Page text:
How about visiting a combo of Buddha and Netaji?
Two historical sites belonging to two different eras --- one a 5th century Buddhist site and another a 19th century old historical site linked to Netaji Subhash Chandra Bose, in South 24 Parganas will come together to form a new tourism circuit in Bengal. The state already has six tourism circuits in place, and in a bid to develop many more, it has identified Kodalia in South 24 Parganas. These sites are linked to ancient history.
Tipli And Dosa are hamlets with Buddhist ruins dating back to 5th century.The twin hamlets near Gocharan are Bengal’s latest archaeological attractions. Earliest remains date back to 1st and 2nd century BC. A highly evolved culture survived in this region till 15th century. The ruins are believed to be two of the 22 Buddhist stupas visited by Chinese explorer Fa Hien and the remains of a furnace in which the ancient smiths melted metals like silver, copper and iron to cast them into coins. The various artefacts found in this region have been displayed at different museums. Such as the furnace in which the metals were melted have been kept at the State Archaeological Museum in Behala. Some other artefacts found from this region include a small bust of Buddha, some terracotta plaques, potteries, seals and Yakshi figures similar to ones that is found in Chadraketugarh.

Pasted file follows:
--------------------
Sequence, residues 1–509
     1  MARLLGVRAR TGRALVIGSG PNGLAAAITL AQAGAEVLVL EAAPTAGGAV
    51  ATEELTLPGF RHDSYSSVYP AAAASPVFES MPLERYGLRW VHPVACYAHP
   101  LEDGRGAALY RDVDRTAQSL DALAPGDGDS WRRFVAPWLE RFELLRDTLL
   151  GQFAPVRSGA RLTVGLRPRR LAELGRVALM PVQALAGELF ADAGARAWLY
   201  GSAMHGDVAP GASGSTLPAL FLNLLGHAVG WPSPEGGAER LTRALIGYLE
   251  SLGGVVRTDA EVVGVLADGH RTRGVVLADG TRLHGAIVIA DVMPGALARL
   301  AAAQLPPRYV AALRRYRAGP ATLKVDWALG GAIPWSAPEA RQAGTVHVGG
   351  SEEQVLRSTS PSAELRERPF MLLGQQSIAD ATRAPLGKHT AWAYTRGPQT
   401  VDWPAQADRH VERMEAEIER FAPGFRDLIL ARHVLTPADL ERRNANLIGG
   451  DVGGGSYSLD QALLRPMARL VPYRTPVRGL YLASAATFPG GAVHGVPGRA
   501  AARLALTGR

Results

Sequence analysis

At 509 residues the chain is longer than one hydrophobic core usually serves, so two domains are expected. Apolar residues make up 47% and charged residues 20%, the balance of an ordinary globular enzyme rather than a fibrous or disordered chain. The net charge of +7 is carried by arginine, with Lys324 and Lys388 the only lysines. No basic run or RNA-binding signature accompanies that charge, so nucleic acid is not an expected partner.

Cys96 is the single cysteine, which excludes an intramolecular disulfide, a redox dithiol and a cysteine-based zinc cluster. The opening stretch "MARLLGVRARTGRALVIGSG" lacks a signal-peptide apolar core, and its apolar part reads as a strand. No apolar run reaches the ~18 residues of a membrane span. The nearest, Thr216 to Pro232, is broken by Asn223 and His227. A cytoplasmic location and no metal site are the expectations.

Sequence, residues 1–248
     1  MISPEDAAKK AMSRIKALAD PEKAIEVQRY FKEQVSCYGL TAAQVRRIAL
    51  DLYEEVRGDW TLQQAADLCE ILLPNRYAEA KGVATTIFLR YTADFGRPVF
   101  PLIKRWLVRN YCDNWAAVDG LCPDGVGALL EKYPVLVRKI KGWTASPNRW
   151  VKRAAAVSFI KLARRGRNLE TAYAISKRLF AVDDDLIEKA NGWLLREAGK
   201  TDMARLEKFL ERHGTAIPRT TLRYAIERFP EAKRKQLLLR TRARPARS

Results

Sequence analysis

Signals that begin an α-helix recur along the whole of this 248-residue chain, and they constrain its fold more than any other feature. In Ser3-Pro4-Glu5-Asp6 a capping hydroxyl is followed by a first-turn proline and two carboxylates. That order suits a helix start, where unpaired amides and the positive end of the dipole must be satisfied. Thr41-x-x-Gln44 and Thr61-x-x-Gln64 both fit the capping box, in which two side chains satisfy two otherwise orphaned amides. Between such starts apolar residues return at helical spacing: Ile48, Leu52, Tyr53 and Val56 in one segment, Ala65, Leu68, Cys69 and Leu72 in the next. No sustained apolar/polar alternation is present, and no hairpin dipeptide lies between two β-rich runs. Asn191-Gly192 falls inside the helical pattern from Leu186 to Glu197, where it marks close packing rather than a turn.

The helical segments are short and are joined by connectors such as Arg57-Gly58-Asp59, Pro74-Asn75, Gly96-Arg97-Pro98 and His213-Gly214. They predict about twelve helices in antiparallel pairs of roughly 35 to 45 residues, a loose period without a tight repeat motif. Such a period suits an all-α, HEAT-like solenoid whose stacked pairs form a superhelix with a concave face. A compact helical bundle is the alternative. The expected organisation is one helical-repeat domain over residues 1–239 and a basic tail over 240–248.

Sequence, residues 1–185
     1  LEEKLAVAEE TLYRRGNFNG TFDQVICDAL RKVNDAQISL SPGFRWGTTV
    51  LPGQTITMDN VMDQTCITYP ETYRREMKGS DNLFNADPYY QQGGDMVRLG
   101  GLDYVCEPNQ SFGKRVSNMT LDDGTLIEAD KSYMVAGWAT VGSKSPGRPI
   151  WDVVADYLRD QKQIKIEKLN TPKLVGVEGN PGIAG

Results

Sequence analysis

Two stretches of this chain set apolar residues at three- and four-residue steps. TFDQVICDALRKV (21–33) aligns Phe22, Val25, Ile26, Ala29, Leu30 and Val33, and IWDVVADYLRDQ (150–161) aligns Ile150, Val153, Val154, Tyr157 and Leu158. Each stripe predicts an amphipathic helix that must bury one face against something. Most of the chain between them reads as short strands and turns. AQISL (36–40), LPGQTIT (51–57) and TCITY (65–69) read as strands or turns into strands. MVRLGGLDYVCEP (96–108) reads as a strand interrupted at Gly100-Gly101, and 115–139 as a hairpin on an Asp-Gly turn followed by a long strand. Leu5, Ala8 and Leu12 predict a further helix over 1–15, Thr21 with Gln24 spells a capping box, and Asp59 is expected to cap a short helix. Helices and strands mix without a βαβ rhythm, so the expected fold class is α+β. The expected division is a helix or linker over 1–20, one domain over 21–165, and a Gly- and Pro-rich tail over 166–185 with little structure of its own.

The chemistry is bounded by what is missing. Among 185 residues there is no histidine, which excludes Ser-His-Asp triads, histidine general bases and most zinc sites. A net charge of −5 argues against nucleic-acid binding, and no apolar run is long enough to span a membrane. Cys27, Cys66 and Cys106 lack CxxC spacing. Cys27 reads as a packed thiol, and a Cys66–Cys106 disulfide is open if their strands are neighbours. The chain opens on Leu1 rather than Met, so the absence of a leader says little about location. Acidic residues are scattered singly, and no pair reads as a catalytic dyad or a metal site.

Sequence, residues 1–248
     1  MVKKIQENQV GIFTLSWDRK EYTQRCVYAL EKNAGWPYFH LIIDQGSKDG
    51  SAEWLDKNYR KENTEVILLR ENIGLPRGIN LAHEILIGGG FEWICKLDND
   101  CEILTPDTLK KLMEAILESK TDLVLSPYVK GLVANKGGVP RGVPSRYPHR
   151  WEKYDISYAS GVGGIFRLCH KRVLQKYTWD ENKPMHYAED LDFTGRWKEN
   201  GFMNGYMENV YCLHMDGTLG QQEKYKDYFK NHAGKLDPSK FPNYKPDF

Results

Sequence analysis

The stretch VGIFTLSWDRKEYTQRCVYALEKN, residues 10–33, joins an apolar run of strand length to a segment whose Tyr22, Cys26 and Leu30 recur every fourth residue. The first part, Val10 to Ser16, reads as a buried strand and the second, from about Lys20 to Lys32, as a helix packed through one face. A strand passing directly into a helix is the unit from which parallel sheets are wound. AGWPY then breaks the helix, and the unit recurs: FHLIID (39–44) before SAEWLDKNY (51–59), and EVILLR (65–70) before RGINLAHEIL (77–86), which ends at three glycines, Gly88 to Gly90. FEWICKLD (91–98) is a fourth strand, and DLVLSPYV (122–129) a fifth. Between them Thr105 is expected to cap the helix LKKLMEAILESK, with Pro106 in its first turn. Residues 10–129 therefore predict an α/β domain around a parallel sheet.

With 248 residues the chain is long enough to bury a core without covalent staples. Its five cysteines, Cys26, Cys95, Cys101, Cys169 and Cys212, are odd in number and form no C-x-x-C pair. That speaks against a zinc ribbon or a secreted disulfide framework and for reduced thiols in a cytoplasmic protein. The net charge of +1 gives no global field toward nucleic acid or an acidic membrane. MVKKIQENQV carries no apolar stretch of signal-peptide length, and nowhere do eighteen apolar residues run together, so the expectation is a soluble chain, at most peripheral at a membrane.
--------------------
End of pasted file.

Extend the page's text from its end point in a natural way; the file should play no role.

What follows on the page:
While the more modern 19th century site is none other than Netaji Subhash Bose’s ancestral home. Separated by almost 1400 years, these two sites will give the area of Kodalia a huge boost. Haranath Lodge happens to be Bose’s ancestral house, built in 1760 on a 10 cottah plot by Bose’s grandfather, Haranath Bose. Netaji spent large parts of his childhood in this house. The 250-year-old Durga Puja is still held here. Another added attraction of this area is a group of temples around 3 km away belonging to the Bose family bearing the name of the place of origin, Mahinagar. The house is being restored and it will have a Netaji museum.
Netaji’s family moved into the 258-year-old house from Mahinagar in 1760. This house is locally known as Subhaser Bari. For locals it has always been a place of immense pride. The house, the pond and the thakurdalan is being restored at a cost of 77 lakhs.